• @Nico That's exactly what I mean. An answer is not problematic if it elitist, it is problematic if it is wrong. This is not a USA university course on BLAH105 Feelings for Insensitive People, it is stackexchance. – user22430 Apr 29 at 0:23
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I would say "something else", though what that is is not clear. At least in linguistics, "native speaker" requires fluency, and you self-describe as less than fluent. However, self-descriptions are sometimes mistaken, so the answer depends on why you didn't say "fluent". It is not uncommon for fluent speakers of minority and heritage languages to self-deprecate because their vocabulary is not as good as grampa's or because your "style" is influenced by the dominant language in your society. It is a common complaint by the elders that children these days don't know the language, because they don't know the word for the string used to tie on the goat's bell – because they don't herd goats anymore. That doesn't make you non-fluent.

It is very common for fluent native speakers to not be educated in their native language, because education is in some other language. I would completely delete any concept of educational policy determining whether you are a native speaker.

If you are not a fluent speaker of the language (can effortlessly understand and be understood by speakers of that dialect without sticking out as somehow "not totally knowing the language"), but you grew up speaking the language continuously (i.e. didn't start at age 14, didn't stop at age 8), I suspect that the issue is that you were not "fully engaged" with the language, mainly meaning that you didn't use it very often. For example, you might use Tigrinya (as a random example) talking to grandma, and sometimes with your parents, but everybody else that you interact with speaks English, so you don't use the language much. Your passive abilities may be much greater than your active abilities. This is a very common situation for heritage language speakers.

There isn't a special term to refer to this, probably because it is a continuum ranging from actual fluency with culturally-determined lack of vocabulary, all the way to "hardly knows the language". A distinction is sometimes made between "native speaker" and "native-like ability", where in the latter case a person started learning the language at some later point in life (nobody knows when, let's say age 12) and then becomes indistinguishable from a from-birth speaker. An alternative would be to use a language proficiency level indicator, such as the Interagency Language Roundtable scale. The problem is that this correlates poorly with what we normally understand to be "native speaker ability", instead it combines language ability with extraneous considerations like education (monolinguals may score a 0 if they are illiterate), and is impractical since it requires actually testing which for most languages is an impossibility. It also builds in requirements for cultural knowledge, which again for fluent heritage speakers may be missing.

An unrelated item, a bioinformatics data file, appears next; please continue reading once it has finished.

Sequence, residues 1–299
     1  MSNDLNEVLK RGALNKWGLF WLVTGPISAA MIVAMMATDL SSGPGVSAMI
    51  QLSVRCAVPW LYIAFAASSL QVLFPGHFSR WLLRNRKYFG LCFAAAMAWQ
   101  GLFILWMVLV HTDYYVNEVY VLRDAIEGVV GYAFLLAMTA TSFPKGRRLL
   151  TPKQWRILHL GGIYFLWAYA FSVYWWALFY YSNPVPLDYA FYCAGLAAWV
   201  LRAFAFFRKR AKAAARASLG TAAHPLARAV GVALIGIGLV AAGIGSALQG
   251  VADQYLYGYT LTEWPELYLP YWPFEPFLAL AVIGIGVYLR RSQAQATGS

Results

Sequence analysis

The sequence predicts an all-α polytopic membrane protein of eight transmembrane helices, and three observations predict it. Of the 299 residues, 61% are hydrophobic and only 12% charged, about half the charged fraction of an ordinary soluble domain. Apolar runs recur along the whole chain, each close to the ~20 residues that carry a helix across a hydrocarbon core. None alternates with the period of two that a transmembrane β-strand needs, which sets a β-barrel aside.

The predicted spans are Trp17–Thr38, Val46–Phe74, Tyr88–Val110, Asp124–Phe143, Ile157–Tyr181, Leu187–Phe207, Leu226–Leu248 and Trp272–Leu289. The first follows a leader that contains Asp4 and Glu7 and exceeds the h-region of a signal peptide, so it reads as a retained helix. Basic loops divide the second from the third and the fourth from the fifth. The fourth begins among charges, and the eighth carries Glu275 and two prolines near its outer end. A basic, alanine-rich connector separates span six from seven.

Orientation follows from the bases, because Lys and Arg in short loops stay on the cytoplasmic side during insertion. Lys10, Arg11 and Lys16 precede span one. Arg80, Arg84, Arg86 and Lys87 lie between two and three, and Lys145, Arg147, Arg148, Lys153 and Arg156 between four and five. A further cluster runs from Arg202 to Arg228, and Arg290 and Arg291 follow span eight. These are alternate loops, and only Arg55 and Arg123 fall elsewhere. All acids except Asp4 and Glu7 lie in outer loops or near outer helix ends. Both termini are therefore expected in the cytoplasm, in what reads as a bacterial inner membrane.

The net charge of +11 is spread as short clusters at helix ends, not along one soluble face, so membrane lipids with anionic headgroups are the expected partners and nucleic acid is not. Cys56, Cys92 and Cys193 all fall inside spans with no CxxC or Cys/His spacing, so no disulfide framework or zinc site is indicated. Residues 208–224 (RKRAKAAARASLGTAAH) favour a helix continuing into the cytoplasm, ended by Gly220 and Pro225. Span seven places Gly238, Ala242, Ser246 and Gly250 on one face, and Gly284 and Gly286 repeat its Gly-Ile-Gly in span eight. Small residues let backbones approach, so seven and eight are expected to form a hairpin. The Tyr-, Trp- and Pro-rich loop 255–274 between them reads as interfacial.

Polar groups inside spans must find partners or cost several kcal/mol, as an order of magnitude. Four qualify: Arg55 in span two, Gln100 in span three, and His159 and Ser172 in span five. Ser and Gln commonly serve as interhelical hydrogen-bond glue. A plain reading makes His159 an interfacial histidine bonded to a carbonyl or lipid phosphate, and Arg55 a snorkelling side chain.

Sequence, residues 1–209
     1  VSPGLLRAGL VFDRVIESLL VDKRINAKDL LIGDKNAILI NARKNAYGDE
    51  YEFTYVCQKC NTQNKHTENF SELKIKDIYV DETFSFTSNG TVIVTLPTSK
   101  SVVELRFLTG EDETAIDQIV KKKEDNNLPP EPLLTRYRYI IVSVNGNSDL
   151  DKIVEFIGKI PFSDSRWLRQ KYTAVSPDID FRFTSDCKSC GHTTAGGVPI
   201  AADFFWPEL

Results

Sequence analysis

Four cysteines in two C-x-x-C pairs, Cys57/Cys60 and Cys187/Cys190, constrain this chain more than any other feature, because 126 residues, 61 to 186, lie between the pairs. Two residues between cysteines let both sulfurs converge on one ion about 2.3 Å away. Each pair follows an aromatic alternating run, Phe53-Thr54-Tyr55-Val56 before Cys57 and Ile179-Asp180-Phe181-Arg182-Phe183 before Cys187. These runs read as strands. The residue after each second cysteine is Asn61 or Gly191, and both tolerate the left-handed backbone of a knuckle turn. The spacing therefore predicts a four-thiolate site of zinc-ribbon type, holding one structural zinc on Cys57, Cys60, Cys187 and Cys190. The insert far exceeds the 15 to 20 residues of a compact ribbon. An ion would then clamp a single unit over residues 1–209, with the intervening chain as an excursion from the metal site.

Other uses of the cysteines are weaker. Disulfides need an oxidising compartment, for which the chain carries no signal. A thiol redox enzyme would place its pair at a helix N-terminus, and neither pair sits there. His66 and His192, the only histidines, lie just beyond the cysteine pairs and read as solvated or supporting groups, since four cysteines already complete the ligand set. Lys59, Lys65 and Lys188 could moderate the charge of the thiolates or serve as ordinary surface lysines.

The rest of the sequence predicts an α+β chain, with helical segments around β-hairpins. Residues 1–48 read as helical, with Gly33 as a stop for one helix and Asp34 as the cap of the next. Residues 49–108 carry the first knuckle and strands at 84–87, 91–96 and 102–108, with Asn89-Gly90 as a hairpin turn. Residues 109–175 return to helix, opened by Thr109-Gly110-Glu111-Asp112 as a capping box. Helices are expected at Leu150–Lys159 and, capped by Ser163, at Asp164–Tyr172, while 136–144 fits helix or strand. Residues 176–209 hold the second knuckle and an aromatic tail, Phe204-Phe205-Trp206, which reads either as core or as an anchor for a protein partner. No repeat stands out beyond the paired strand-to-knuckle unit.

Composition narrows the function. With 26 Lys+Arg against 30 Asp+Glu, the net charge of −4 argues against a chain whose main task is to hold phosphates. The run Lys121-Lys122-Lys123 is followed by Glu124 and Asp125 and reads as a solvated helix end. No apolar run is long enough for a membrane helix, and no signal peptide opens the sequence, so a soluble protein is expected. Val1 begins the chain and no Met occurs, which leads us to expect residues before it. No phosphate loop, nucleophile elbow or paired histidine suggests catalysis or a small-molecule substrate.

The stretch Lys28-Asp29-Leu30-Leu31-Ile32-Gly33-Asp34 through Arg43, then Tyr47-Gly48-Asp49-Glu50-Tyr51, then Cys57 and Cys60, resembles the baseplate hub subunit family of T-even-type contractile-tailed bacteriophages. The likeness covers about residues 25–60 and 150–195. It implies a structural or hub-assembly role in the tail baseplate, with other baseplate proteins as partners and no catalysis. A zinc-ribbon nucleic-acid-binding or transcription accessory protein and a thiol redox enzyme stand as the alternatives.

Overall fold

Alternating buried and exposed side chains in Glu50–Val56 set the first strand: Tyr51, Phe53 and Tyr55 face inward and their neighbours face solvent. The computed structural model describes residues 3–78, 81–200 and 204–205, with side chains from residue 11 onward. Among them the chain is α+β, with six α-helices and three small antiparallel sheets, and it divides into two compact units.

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Probably yes.

From the language acquisition point of view there are notable differences between native languages (L1s) and languages acquired later in lifetime (L2s). The differences are measurable and observable, e.g., L1 speakers make different kind of errors during languages acquisition than L2 speakers, and they don't produce some kinds of typical L2 learners' errors. Note that the differences already start at very young age still in the so-called critical period. When you have acquired the heritage language in the first two years of your life you qualify as a native speaker. Jürgen Meisel (Calgary and Hamburg) did a lot of research about this.

Note that this point of view is different from a proficiency level point of view dominating in the non-linguistic world, where native speaker is equalled with highest proficiency level.

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  • In the context of an "A versus B" question, does "yes" mean "either"? – user6726 May 28 at 17:53
  • No. It means of course "You should consider yourself a native speaker". The text below the headline should make this clear. – jk - Reinstate Monica May 28 at 18:13